Marketing. Advertising often sets the tone for the consumer experience with a beauty brand. According to a Nielsen survey, only 2 percent of the total money spent on advertising in the United States from 2011 to 2019 went toward Black-oriented TV stations, magazines, and websites. In our focus group, we found that many beauty advertisements—regardless of whether they were on TV, in print, or online—didn’t resonate with Black audiences because they neither portrayed a diverse population nor spoke to people with more melanin in their skin and curls or kink in their hair. Tracee Ellis Ross, founder and CEO of natural-hair-product company Pattern Beauty, recalls that the beauty advertisements of her childhood offered help for curly hair but didn’t do what they promised for her type of curly hair. “The marketing for hair products didn’t reflect images that looked like me, nor did the products provide what my curly and coily hair needed.”
Fewer than half of the respondents in our focus group had positive feelings toward advertisements from non-Black beauty companies, saying they did not feel represented. In contrast, they felt a much stronger connection to Black brands, responding with sentiments such as, “I feel it’s inclusive and represents me” or “It makes me think how beautiful Black people are.”
Our focus group research suggests that 75 percent of Black beauty consumers can be persuaded to purchase beauty products by ads that feature various skin tones across all races. Conversely, 75 percent can be dissuaded from purchasing a product when an advertisement does not reflect racial diversity. Our research also suggests that Black consumers have an affinity toward Black brands and are 2.2 times more likely to conclude that products from Black brands, as compared with non-Black brands, will work for them.
Lack of accessibility to stores. Many Black neighborhoods are in “consumer deserts” with insufficient access to goods and services. That means when it comes to finding retail outlets that might offer higher-quality beauty products, Black consumers have fewer options and have to travel further than White consumers. For example, there are nearly three times the number of specialty beauty stores within a mile of predominantly White neighborhoods than there are within a mile of Black neighborhoods. On average, Black consumers travel 3.36 miles to a specialty beauty store, about 21 percent further than White consumers. Black consumers also need to travel more than 17 percent further than White consumers to department stores to access expert customer service from behind a makeup counter (Exhibit 1).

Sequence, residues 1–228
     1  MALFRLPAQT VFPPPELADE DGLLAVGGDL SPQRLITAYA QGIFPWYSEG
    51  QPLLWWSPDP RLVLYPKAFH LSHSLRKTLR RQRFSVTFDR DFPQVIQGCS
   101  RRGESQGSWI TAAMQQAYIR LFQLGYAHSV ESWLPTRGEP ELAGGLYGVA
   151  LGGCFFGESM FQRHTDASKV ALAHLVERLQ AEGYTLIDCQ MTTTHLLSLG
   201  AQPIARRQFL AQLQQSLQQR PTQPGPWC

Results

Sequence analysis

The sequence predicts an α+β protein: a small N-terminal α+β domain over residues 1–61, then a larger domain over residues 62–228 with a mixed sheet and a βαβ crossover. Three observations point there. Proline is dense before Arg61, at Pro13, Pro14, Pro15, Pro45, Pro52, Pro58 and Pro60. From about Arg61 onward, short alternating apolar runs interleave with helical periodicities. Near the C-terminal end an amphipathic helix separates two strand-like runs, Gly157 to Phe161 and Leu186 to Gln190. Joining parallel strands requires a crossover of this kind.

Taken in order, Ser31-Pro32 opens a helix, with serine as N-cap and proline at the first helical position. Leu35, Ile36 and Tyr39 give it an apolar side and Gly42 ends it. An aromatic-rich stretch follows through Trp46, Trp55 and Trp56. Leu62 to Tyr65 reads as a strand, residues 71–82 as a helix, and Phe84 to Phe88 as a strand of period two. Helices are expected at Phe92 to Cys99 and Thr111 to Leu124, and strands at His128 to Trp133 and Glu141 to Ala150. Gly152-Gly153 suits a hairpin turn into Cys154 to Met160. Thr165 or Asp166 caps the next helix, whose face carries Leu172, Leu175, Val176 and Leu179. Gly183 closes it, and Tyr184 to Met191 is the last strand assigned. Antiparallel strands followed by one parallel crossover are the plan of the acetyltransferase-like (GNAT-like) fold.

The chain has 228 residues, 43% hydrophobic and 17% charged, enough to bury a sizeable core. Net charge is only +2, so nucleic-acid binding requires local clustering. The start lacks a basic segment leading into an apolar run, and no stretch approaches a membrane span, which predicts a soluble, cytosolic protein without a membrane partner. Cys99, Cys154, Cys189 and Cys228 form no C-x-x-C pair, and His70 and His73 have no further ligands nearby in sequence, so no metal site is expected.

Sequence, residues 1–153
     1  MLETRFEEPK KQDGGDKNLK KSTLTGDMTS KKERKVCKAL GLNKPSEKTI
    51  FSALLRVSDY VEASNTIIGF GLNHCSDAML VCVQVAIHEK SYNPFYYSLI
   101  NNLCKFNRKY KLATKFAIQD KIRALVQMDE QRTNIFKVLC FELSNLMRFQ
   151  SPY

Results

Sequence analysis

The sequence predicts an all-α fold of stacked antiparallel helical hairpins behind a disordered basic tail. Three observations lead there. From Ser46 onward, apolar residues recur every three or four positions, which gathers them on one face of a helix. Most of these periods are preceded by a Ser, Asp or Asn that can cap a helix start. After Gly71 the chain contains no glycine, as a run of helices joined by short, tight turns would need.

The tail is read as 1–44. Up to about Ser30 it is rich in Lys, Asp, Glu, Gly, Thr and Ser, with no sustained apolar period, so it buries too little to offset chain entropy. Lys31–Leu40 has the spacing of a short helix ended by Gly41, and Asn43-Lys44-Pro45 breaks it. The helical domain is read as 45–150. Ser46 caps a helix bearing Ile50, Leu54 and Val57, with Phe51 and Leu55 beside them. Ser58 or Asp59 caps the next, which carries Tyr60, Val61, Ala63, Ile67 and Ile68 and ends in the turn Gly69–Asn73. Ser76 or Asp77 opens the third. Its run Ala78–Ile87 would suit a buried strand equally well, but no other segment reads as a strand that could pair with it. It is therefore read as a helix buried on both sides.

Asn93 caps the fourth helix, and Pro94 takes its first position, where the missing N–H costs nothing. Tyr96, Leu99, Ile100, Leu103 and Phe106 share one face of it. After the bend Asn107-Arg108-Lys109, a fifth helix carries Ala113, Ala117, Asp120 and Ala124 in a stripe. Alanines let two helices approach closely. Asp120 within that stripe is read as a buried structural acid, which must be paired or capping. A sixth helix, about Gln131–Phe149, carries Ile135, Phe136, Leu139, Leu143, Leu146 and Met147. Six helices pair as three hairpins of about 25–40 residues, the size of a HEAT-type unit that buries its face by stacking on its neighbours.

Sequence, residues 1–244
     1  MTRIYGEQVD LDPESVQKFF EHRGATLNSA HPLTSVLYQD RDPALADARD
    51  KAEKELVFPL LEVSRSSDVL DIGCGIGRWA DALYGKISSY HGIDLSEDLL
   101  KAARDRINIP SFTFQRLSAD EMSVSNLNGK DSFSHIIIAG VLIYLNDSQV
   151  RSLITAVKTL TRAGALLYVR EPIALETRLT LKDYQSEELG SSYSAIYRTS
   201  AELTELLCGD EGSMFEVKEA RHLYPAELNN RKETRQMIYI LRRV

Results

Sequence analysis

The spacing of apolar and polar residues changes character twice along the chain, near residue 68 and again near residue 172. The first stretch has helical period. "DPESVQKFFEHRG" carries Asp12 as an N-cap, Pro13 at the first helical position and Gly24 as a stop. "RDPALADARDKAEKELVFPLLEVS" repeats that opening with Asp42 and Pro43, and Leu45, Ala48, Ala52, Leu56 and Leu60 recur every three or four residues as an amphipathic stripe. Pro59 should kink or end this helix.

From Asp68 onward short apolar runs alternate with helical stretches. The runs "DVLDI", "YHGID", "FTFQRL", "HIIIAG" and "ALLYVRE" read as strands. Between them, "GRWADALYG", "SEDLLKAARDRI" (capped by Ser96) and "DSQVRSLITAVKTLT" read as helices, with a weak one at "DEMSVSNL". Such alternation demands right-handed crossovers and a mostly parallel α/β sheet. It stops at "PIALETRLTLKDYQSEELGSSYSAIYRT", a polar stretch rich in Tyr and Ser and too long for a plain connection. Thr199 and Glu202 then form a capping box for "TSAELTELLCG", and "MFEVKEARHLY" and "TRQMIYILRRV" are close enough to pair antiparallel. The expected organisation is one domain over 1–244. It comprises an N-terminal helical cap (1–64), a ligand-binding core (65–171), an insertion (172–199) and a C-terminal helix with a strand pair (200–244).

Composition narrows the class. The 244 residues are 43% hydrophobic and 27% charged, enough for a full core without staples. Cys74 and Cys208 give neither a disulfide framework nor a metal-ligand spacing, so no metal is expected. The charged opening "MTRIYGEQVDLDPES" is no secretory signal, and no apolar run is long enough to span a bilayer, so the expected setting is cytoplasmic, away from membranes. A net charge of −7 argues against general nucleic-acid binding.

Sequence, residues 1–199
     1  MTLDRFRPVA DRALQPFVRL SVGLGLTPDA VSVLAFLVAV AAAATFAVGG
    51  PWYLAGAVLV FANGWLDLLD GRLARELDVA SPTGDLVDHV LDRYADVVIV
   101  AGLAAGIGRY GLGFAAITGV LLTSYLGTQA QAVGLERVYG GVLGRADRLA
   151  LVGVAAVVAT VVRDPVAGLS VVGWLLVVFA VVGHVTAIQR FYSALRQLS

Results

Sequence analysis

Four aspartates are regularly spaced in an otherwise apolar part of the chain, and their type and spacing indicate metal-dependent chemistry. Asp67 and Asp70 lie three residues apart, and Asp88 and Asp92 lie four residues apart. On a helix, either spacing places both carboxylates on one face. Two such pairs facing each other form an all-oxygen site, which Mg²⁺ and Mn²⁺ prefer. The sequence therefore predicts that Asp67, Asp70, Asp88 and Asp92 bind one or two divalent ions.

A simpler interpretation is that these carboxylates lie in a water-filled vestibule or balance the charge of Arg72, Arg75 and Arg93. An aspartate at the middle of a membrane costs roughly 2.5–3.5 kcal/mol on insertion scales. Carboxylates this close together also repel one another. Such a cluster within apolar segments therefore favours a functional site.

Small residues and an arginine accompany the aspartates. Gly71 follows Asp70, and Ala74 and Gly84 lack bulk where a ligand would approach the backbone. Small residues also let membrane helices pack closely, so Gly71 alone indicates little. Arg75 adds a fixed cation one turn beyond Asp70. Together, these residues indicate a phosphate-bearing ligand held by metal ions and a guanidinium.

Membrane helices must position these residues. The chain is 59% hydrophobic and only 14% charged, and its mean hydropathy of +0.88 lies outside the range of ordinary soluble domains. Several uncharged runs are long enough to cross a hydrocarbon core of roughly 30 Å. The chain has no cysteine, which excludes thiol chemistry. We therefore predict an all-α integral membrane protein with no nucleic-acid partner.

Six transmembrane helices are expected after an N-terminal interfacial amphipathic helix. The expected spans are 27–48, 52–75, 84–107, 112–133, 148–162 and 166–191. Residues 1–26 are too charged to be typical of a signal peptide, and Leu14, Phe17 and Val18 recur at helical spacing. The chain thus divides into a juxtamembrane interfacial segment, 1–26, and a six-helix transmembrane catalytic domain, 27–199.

I go into a drugstore right now and I cannot find my shade. Can’t find it!
Desirée Rogers, CEO and co-owner of Black Opal and Fashion Fair Cosmetics
Lack of product availability. Once Black consumers find their way to a retail location that sells beauty products, it’s hard for them to find what they’re looking for. There aren’t enough brands on the shelves suitable for melanated skin or Afro-textured hair. When stores do carry them, oftentimes, Black beauty brands are out of stock, and what’s in stock is often poorly placed on shelves. “I go into a drugstore right now and I cannot find my shade. Can’t find it!” said Black Opal and Fashion Fair’s Rogers.
Forty-seven percent of our survey respondents said they typically buy beauty products at a mass-market retailer or a grocery store, yet only 13 percent said it’s easy to find beauty products that meet their needs there. Many prefer to shop at beauty supply stores, but as previously stated, those are harder to get to (Exhibit 2).
Even at beauty specialty stores, which often pride themselves on the range of shades they offer, there’s a mismatch between what they think works and what actually works. “I visited with a retailer that we were trying to get into,” says Rogers. “I was told, ‘We win so many awards for our diversity. If you go into our stores, you will see we have every shade of foundation.’ I bought as many colors as close to my shade as were available. None of them worked.”
Another barrier is that even if a retailer does carry beauty products that meet Black consumers’ needs, they‘re hard to find on shelves. Seventy-three percent of our survey respondents reported that Black beauty products were often out of stock when they went to buy them. Fifty-four percent reported that when they were in stock, they were hard to find (Exhibit 3). And until recently, many chain stores kept Black beauty products locked up in cases, requiring interested consumers to jump over the humiliating hurdle of asking for permission to be able to look at the products and packaging.
When product placement is good, it can come as a surprise. One Black beauty consumer told us that when she visited a drugstore in a predominantly Black city, she was surprised to see three or four Black-owned brands with their displays at the front of the store. “I had never seen that before,” she recalled. “I saw myself in those displays and spontaneously bought a lip gloss.”
Poor sales experience. Black consumers often have a sour in-store shopping experience because sales associates lack knowledge about Black beauty products. Personalized advice is critical in influencing beauty sales, and sales associates often have the power to encourage or discourage people from purchasing specific products.